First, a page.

5.3 Virtue ethics

In this section you will explore two examples of how the E4J Modules provide teaching activities which seek to develop students’ self-reflection and analysis in relation to the teaching of virtue ethics. Virtue ethics is explained in detail in E4J Ethics Module 1 [Tip: hold Ctrl and click a link to open it in a new tab. (Hide tip)] and is also discussed in relation to the definition of corruption in E4J Anti-Corruption Module 1 , but for clarity, an outline of virtue ethics is given in this video and a summary is provided in the infographic below.

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Figure 10 Virtue ethics

The following two activities illustrate how the E4J materials seek to support students’ self-reflection and analysis in relation to understanding and applying principles of virtue ethics.

Activity 5.3 Role play: The power walk

This activity is included in E4J Ethics Module 9 (Gender Dimension of Ethics).

This exercise can be used to encourage self-reflection amongst your students. Self-reflection is key to the cultivation of virtuous character traits.

To help your students understand the idea of privilege, and perhaps make them aware of their own privilege, you can ask the students to do the “privilege walk” shown in this short 4-minute video clip. (Here is the Singapore version of the clip.)

How might you avoid causing potential discomfort and embarrassment to your students when using this exercise?

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One way of avoiding causing discomfort and embarrassment to your students, is to use the role-play method and assign fake identities to your students. This is the approach taken by the UN Women Training Centre in its Compendium of Good Practices in Training for Gender Equality (see p. 64). The resource calls refer to the exercise as the “Patriarchy and the Power Walk”.

Identities suggested by UN Women include: male lawyer with private firm, 10-year-old street boy, grandmother taking care of orphans, unemployed single mother, male storekeeper, woman police officer, blind elderly man, male school teacher, female member of parliament, migrant ethnic minority, male literate factory worker, etc.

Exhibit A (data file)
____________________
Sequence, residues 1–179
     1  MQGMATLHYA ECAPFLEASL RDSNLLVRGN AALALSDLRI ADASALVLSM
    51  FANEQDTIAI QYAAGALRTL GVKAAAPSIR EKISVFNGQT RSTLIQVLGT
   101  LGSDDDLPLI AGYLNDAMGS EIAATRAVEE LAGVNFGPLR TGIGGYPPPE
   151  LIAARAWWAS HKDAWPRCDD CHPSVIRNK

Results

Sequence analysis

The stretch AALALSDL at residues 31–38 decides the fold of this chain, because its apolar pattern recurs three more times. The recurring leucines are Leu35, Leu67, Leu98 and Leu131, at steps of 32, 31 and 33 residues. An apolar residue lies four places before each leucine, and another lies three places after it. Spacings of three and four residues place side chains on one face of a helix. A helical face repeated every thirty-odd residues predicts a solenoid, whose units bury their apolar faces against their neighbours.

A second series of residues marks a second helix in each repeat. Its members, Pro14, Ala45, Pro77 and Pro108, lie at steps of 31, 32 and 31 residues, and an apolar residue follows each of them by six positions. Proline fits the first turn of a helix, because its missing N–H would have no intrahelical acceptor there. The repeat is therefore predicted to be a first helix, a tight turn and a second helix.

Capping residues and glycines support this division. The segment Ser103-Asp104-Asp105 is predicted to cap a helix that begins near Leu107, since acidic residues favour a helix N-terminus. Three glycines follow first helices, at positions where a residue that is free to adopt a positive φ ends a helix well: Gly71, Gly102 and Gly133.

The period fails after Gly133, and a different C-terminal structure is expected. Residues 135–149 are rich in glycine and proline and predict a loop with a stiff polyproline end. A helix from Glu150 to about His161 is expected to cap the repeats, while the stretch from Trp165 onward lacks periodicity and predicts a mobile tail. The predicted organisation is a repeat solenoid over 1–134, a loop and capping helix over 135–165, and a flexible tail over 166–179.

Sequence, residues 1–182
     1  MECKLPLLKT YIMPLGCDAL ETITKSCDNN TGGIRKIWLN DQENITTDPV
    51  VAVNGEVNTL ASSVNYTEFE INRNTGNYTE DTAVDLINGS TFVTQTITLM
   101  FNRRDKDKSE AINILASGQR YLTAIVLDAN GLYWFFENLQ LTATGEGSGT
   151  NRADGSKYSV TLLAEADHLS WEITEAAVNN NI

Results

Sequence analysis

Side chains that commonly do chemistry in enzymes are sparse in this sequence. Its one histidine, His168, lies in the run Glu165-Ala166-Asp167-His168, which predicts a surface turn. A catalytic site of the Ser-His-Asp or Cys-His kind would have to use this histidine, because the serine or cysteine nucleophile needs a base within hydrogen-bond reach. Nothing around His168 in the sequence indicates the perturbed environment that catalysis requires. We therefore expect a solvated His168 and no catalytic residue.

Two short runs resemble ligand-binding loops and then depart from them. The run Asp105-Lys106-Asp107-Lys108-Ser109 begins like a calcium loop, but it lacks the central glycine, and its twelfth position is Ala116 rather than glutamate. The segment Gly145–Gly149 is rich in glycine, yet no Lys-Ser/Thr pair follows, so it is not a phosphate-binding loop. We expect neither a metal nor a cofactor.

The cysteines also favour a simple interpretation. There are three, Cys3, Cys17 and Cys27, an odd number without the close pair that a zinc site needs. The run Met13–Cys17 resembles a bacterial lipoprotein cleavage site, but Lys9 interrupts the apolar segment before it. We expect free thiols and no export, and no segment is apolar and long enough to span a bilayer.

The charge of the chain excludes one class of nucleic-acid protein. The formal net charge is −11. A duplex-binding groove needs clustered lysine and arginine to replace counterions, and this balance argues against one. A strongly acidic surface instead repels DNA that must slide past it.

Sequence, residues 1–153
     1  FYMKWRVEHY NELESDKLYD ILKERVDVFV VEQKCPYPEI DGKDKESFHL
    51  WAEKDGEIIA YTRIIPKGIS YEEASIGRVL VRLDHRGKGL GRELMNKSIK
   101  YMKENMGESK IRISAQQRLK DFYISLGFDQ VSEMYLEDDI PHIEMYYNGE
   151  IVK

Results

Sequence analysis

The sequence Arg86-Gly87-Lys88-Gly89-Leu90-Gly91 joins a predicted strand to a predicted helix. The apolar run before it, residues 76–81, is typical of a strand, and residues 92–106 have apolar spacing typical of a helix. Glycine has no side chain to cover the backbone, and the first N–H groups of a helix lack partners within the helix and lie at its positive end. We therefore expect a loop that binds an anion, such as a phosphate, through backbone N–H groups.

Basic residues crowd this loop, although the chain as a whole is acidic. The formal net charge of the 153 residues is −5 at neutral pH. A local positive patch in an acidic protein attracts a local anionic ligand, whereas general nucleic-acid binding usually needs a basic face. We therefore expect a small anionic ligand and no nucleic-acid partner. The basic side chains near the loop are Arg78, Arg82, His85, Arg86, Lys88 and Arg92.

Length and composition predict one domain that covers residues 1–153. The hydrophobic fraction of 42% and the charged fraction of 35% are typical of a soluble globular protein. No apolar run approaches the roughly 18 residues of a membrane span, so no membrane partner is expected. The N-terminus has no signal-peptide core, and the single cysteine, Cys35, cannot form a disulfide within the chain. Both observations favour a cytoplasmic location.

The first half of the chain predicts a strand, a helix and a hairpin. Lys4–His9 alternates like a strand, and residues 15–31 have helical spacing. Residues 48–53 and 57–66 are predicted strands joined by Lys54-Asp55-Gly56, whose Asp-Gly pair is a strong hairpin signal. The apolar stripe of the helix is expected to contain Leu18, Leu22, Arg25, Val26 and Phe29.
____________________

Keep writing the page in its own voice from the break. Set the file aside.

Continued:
The UN Women Training Centre provides the following guidance on running the exercise which you may find helpful:

  • Each student “steps into the shoes” of another person, e.g. a single mother, a blind man, etc.

  • Statements are read aloud. If these apply to them, they step forward. If not, they do not move.

  • In the end, participants visually see how much power, access to resources, and opportunities some individuals in society have compared to others.

  • Based on this, they discuss how power and privilege is relative to a person’s gender, socio-economic position, ethnicity, and other cross-cutting issues. This is followed by a discussion of the “Patriarchal Paradox”, i.e. how men are also disadvantaged by the system of patriarchy.

Statements suggested by UN Women for this exercise include:

  • I have access to and can read newspapers regularly

  • I eat at least two nutritious meals a day

  • I would get legal representation if I am arrested

  • I would be confident if I had to speak directly to a magistrate

  • I am not in danger of being sexually harassed or abused

  • I have a regular income or means of supporting myself

  • I can speak in meetings of my extended family

  • I would not be treated violently or roughly if I am arrested

  • I can afford and access appropriate healthcare

  • I can question spending of community funds

  • I can name some of the laws in the country

  • Someone would immediately be told if I was arrested

  • I have left over money at the end of the week that I can spend on myself

  • I can travel anywhere I like without assistance or permission

  • I do not feel threatened in the workplace by any issues of my identity

  • I do not feel socially uncomfortable in most situations to voice my opinions

  • I can do what I like in my home without fear

Other sample statements for this exercise are widely available and we provide two examples below:

Peace Learner – Privilege Walk Lesson Plan

Albany Privilege Walk Activity.

If you would like to read more about the subject, open this article on Virtue ethics by philosopher Charles Freeland.

5.2 Self-reflection and analysis

5.4 Practical wisdom